After serving the Stamford area for 156 years, the Stamford YMCA closed its doors permanently on March 31.

The Stamford YMCA released a statement expressing how the after-effects of the COVID-19 pandemic reduced the number of memberships resulting in decreased funding for afterschool child care programs, which ultimately created difficult obstacles for the facility to overcome. 

“We’d like to thank all our members, donors, and employees for their devoted sponsorship of the YMCA over all these years,” Paul Macari, the Stamford YMCA’s Board Chair, said.

With the sudden closure of this facility, UConn Stamford students are now left without a recreational center. 

The Stamford YMCA had a partnership with the University of Connecticut which allowed Stamford campus students to utilize the facilities free of charge. The YMCA would host events such as club basketball, badminton and soccer tournaments each semester for students to participate in. 

Nathanelle Eveillard, a junior psychology major, was a weekly attendant at the Stamford YMCA and has expressed her dissatisfaction with the YMCA closing. 

“I’m a bit disappointed as we don’t have a rec center at the UConn Stamford campus and this was a convenient spot for students to work out, especially for free,” Eveillard said. “From a soccer intramural referee perspective, it’s even more disappointing as students can no longer play soccer, basketball, and badminton there and our programs have closed in conjunction with the Y closing.”

Regional campus students are already at a disadvantage when it comes to on campus athletics because most of these teams are hosted on UConn’s main campus in Storrs, CT. With that being said, UConn adjusted the club sport schedule to accommodate the YMCA’s closure and allow students to complete their seasons. 

Stamford campus students are frustrated with the lack of planning surrounding the closure and are eager to see what UConn does to remedy this issue. 

An anonymous first year psychology student found this to be inconvenient for Stamford students as the only resource UConn has provided besides the YMCA partnership would include a vacant fitness center on campus. 

“There’s already a lack of funding going to the regional campuses, and we do have a fitness center on campus, but it’s been closed for over two years now,” the anonymous student said. “Going to the gym helped me with my mental health and now that it’s closing I don’t know what outlet to turn to.”

There is no sizable recreational center close in proximity to the UConn Stamford dormitory or educational buildings. The closest gym is a 20 minute walk away from the campus and would require students to pay additional fees to utilize the facility.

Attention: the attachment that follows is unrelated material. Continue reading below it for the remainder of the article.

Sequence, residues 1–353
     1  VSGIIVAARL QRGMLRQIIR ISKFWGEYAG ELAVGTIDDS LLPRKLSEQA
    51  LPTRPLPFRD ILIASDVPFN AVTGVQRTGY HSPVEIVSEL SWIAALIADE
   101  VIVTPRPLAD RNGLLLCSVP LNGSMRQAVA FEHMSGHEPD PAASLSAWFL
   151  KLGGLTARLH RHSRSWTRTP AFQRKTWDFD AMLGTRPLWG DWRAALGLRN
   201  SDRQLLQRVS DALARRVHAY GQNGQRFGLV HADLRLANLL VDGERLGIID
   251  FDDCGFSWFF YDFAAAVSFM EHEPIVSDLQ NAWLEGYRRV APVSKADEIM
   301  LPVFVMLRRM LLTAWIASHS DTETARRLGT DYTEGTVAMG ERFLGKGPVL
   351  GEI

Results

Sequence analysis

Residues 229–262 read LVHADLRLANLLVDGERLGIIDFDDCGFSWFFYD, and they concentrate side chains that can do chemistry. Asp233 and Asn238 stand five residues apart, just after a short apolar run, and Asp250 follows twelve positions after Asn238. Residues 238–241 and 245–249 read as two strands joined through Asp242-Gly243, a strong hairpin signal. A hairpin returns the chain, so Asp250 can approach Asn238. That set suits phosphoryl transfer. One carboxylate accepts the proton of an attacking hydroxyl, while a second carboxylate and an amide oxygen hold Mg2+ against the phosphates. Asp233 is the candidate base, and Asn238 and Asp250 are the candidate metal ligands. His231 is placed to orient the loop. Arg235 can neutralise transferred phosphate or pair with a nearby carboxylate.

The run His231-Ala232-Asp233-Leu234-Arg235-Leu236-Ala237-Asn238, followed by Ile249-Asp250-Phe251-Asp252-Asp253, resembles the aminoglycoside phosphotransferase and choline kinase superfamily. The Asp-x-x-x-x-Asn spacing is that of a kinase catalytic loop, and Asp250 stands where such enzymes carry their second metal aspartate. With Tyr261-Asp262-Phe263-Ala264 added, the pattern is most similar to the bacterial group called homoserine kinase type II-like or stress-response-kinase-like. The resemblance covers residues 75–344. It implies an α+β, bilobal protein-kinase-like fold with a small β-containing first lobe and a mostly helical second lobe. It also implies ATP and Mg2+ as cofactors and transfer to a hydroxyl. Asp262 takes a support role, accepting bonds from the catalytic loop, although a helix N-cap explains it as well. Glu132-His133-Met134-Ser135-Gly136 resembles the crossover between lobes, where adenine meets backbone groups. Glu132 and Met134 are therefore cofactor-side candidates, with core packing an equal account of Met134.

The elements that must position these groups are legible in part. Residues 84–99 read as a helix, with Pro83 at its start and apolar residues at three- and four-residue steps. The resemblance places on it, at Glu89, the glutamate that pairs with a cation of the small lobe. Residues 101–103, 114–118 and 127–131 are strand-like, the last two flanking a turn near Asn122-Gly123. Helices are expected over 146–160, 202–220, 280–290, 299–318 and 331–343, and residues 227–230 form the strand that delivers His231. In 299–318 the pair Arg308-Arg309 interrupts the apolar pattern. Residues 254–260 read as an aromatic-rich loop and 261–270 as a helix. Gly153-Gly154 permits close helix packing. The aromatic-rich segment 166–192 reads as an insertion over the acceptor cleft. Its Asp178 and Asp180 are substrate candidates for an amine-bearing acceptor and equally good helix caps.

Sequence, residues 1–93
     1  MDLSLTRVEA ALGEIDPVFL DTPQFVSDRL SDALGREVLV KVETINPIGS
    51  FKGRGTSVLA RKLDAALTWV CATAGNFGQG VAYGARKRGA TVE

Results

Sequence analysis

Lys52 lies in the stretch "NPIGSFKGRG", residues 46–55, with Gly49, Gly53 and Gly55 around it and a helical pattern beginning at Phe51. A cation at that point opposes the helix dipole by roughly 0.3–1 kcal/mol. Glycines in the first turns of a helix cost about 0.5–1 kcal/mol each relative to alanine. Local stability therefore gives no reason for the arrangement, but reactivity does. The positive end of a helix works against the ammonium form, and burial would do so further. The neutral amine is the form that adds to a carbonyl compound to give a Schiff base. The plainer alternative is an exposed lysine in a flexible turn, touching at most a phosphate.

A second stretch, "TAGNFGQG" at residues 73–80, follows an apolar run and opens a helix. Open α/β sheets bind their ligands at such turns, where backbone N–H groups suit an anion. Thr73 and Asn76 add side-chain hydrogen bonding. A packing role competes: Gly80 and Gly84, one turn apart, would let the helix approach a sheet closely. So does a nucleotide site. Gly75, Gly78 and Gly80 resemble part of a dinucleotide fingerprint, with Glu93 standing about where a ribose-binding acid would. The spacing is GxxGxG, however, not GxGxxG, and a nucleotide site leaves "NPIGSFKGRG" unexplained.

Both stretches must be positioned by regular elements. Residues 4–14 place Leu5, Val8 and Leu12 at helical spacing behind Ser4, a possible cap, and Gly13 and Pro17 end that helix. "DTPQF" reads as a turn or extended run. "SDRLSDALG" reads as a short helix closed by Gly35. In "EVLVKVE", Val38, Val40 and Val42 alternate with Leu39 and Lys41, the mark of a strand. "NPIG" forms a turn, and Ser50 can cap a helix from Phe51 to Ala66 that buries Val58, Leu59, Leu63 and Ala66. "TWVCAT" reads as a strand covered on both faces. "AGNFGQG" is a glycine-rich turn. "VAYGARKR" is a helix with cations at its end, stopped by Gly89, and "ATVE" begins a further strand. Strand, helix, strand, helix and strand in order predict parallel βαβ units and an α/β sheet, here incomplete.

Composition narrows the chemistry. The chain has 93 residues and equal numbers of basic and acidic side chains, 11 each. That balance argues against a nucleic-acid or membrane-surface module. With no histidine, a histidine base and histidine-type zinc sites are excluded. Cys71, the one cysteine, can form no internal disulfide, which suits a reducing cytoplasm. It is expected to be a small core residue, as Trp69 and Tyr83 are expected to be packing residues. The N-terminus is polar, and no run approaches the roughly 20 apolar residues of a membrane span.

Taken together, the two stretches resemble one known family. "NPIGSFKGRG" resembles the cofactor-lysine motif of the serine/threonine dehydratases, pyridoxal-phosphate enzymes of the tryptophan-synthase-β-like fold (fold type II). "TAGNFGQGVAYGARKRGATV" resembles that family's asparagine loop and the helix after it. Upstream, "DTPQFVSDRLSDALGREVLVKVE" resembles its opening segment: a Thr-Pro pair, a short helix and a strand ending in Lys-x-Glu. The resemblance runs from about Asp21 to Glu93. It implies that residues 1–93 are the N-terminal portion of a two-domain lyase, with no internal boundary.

Solutions started to spread throughout the campus, with students wondering what accommodations UConn would provide for the Stamford population. Many recommendations regarding the purchase of the YMCA’s building to create a recreational center for students as well as additional housing for incoming students were shared throughout the student body.

Horberth Alvarado, a first-year political science student, found this idea interesting as it would incentivise prospective applicants to choose to attend the Stamford regional campus.

“There aren’t many incentives to come to UConn Stamford,” Alvarado said. “Purchasing the YMCA building allows students to better engage with each other in a small, meaningful community.”

Following the proposition of including new housing in Stamford, students living on campus began receiving information about the housing shortages and unavailability of rooms for the Fall 2024 semester. One student who spoke to WHUS was a first year pre-teaching student.

“This year many students got emails that they may not have housing to make room for the incoming freshman,” the student said. “They said this and gave students no alternative to what they could do. These students also won’t know if they will have housing or not until a month before the new semester starts.”

UConn Stamford campus Dean and Chief Administrative Officer Jennifer Orlikoff, has addressed the concerns surrounding the loss of the Stamford YMCA but has not commented following the housing concerns at the regional campus. 

“UConn Stamford is diligently working to find alternative options for its students,” Orlikoff said. “We are developing a scope of services RFP (request for proposals) for local sports and/or recreation facilities to bid on.” 

Image of the the former Stamford YMCA pool. Photo via Stamford YMCA.